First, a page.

Evil Geniuses ~ by Kurt Andersen

I read Kurt Andersen’s “Fantasyland: How America Went Haywire: A 500-Year History” several years ago, but that’s not what inspired me to read “Evil Geniuses.”  Rather my reading group -https://groups.io/g/AllNonfiction – chose to read it and I’m so glad they did.  Personally, I would have been put off by the title.  Now though, having read the book, I understand why he chose it.  

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Evil Geniuses: The Unmaking of America: A Recent History
By Kurt Andersen
08/2020 – 416 pages
Read by author: 16h 24m
Rating – 9 / history – current events
(both read and listened)

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 I keep coming across articles and books which seem to say that everything changed in the 1970s and ‘80s.   Well yeah – looking at the big picture of American history,  they certainly did change.  I wonder if all these authors who are saying this read “The Rise and Fall of American Growth: The U.S. Standard of Living since the Civil War”  by Robert J. Gordon.  Andersen did for sure but he takes off on a somewhat different slant in that he looks at what happened after the “Fall” (1970 or so). The idea that American economic growth increased dramatically between the years 1870 and 1970 after which it stalled and then started decreasing seems pretty well established now.  It was a miracle century.  So the storyline in Chapters 2 and 3 is much the same as in the Gordon, but using Anderson’s ideas and language.  
 
But “Evil Geniuses” takes off where “The Rise and Fall…” stops and where Gordon’s book is about the economics (in depth), Anderson’s covers the right wing business politics of economics.  They are both history books at heart.  I remembered quite a lot of the material from having lived it,  but starting in Chapter 7 a lot was new because I just hadn’t put it together like this. 

 The economic pendulum went from the peak of prosperity in the very early 1970s and followed that with Reagan’s ’80s continuing on up to now and Trump’s call to “Make America Great *Again.*” I knew this stuff – why had I not put it together with the nostalgia either? Of course folks are nostalgic!

Another book Anderson makes use of, seems rather close to, actually (but which I haven’t read) is “Dark Money: The Hidden History of the Billionaires” by Jane Mayer.  That was a hot book a few years ago and I might have to read it now – to catch up on things which I’m sure are still going on.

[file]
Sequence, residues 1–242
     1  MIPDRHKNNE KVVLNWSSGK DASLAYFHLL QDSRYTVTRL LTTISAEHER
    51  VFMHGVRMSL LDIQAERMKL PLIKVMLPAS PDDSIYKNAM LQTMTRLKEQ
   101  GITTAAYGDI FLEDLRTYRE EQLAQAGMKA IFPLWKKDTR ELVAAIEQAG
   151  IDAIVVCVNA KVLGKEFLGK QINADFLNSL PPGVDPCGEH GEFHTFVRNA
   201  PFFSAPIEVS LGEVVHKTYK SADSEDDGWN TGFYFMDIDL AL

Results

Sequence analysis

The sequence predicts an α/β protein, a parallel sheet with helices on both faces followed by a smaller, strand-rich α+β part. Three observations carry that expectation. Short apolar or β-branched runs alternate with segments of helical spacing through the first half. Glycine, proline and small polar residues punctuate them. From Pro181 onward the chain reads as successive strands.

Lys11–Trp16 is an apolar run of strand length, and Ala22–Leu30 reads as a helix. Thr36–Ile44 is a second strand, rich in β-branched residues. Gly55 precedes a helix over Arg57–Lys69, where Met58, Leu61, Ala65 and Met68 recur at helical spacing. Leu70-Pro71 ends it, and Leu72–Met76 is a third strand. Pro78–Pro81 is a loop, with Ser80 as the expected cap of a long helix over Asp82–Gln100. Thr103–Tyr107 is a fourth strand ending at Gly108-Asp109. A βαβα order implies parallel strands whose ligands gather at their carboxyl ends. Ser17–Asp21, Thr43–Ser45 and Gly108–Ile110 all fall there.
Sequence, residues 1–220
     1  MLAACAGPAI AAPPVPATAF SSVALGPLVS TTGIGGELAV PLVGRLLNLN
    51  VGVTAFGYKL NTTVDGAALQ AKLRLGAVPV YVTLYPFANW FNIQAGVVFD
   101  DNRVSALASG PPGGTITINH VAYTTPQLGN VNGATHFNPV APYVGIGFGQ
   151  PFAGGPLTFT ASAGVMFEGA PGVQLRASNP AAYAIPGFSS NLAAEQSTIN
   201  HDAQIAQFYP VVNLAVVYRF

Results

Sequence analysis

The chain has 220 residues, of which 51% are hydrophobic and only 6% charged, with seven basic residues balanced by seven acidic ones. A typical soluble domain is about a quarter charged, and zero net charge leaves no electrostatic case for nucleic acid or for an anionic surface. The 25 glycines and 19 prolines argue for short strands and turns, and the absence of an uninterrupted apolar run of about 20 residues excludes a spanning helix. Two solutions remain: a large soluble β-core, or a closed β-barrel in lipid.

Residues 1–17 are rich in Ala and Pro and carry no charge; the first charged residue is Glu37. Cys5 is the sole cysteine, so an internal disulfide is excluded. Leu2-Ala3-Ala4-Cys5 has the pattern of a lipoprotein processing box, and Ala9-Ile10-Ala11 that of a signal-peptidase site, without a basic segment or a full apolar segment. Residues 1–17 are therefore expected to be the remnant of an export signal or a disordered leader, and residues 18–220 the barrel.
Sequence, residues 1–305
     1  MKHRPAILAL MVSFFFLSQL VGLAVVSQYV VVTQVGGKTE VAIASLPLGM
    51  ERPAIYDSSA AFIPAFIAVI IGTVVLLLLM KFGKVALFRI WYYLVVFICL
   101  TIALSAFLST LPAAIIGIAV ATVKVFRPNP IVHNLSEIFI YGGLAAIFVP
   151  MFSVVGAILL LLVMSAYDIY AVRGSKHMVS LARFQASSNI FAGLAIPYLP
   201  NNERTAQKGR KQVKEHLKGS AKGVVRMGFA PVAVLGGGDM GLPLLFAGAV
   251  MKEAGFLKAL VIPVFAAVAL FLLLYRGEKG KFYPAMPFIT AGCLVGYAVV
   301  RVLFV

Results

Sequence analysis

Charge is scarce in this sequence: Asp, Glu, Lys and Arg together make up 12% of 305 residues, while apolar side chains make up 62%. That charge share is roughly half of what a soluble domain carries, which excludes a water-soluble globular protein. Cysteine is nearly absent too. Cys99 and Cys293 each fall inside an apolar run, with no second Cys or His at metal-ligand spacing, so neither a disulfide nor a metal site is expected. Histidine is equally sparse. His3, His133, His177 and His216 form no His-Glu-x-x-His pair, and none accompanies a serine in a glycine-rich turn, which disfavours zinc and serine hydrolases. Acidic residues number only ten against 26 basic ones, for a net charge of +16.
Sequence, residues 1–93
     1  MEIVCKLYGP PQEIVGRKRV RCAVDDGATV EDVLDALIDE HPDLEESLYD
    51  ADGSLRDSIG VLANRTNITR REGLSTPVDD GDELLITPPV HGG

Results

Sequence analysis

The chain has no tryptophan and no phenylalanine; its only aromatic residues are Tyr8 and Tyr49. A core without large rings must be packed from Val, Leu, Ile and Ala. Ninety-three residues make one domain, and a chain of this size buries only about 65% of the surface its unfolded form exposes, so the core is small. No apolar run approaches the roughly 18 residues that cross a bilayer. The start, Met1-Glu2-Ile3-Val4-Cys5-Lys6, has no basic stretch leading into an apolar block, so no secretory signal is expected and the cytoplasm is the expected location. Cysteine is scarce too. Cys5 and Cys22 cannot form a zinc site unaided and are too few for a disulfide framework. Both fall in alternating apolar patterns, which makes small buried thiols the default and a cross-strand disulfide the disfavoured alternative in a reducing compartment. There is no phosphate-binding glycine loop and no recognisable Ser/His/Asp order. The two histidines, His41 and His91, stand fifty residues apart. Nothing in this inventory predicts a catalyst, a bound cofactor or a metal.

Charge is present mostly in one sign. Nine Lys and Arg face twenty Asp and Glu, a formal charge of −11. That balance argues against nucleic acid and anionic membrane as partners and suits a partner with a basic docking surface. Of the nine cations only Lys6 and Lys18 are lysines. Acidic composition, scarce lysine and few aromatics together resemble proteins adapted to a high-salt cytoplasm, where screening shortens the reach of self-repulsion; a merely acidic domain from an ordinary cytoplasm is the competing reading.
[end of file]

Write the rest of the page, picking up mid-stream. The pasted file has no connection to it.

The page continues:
From the Civil War to 1970 the US saw incredible growth and prosperity.  But we hit our peak and although we didn’t sink immediately, we started the long slide.  And instead of looking at the big picture, we as individuals (some of us) looked at how we weren’t individuals getting “our share” and blamed immigrants and entitlements and what were seen as the evils of liberalism.  

Sad to say, the book gets kind of boring starting at Part Two, Chapter 8 and continuing to about Chapter 11.  It’s Reagan and Reagan-omics and consists of a rehash of what happened politically during the Reagan years. Bo-ring – or maybe it’s me, because when it turns back to the economics I got interested again.  I’d say Chapter 12 through the end.  I’ll have to reread the chapters where I lost interest. There might be more there than meets a bored reading. 

From Wiki: https://en.wikipedia.org/wiki/Evil_Geniuses:_The_Unmaking_of_America
Evil Geniuses examines coordinated efforts to achieve conservative economical and political changes in the United States from the 1970s to 2020, and discusses how the resulting unfettered laissez-faire approach to capitalism has resulted in an extreme level of economic inequality.

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